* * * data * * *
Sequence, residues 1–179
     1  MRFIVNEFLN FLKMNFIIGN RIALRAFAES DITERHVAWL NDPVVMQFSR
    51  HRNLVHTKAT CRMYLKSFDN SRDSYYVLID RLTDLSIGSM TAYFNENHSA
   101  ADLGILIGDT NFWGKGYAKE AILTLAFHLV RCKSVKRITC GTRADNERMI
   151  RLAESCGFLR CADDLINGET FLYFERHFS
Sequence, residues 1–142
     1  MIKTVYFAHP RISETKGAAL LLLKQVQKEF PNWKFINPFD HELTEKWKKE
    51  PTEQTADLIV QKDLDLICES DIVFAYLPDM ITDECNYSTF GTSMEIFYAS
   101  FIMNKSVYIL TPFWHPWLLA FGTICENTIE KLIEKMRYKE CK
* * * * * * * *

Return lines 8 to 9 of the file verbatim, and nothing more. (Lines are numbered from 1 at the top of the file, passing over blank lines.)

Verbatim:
    51  PTEQTADLIV QKDLDLICES DIVFAYLPDM ITDECNYSTF GTSMEIFYAS
   101  FIMNKSVYIL TPFWHPWLLA FGTICENTIE KLIEKMRYKE CK